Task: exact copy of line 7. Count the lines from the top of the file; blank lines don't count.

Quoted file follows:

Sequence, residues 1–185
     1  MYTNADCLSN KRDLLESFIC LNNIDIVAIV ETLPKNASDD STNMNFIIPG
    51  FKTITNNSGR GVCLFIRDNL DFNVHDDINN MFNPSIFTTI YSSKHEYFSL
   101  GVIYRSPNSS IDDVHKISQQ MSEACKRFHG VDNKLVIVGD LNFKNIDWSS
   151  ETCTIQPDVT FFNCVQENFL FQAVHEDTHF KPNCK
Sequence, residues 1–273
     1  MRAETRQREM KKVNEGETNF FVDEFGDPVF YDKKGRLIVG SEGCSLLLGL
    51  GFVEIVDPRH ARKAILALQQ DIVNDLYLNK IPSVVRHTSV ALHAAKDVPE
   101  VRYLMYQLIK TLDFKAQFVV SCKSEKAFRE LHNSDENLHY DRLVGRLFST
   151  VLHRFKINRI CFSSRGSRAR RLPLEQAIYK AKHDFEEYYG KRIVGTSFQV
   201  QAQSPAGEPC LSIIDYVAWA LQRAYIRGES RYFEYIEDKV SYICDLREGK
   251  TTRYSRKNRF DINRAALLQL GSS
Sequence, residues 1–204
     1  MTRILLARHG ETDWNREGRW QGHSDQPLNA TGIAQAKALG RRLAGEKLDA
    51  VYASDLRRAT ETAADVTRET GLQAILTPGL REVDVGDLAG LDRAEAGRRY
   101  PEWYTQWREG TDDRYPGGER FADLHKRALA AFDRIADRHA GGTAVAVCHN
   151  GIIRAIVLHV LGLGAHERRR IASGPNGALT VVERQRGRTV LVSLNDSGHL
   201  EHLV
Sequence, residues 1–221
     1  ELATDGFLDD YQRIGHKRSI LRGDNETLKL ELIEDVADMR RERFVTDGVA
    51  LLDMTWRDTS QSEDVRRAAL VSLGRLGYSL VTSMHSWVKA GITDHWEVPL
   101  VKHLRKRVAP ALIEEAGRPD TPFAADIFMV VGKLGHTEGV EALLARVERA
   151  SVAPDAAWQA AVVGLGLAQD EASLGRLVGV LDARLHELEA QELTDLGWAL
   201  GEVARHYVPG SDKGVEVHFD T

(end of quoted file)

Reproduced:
     1  MRAETRQREM KKVNEGETNF FVDEFGDPVF YDKKGRLIVG SEGCSLLLGL